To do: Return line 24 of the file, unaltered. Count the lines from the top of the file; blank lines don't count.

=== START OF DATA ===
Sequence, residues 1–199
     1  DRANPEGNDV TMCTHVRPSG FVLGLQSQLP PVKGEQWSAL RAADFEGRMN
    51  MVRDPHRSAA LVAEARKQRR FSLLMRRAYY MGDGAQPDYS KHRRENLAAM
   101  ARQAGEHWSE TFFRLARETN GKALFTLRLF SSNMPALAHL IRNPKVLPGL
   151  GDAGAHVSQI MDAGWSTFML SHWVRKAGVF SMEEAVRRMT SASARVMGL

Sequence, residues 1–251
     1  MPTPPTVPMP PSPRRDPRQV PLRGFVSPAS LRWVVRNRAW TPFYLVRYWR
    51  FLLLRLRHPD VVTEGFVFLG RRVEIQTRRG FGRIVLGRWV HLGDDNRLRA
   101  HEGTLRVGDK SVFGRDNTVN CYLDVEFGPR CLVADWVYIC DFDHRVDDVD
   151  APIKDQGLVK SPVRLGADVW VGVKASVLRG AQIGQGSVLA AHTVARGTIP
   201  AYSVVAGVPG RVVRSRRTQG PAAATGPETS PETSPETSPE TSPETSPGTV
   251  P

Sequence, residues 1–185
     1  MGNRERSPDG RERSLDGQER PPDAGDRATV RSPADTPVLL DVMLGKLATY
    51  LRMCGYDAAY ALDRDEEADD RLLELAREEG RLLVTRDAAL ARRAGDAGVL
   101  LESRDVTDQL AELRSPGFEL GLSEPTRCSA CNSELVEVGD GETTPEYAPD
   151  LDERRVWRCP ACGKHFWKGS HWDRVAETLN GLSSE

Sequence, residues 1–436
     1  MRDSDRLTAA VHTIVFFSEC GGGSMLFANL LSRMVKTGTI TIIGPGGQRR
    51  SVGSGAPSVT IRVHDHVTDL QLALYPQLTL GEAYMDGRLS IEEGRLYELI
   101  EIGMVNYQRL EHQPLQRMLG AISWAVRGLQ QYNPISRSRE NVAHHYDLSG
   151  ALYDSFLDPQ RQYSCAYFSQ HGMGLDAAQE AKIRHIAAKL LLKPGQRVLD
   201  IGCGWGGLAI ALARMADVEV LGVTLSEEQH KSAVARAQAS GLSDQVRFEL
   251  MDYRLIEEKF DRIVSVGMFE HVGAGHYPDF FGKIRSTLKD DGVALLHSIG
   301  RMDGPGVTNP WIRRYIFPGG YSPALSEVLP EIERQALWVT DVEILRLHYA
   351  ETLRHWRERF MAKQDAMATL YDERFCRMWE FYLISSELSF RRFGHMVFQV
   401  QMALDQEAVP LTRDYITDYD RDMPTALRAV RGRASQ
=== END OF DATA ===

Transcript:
   251  MDYRLIEEKF DRIVSVGMFE HVGAGHYPDF FGKIRSTLKD DGVALLHSIG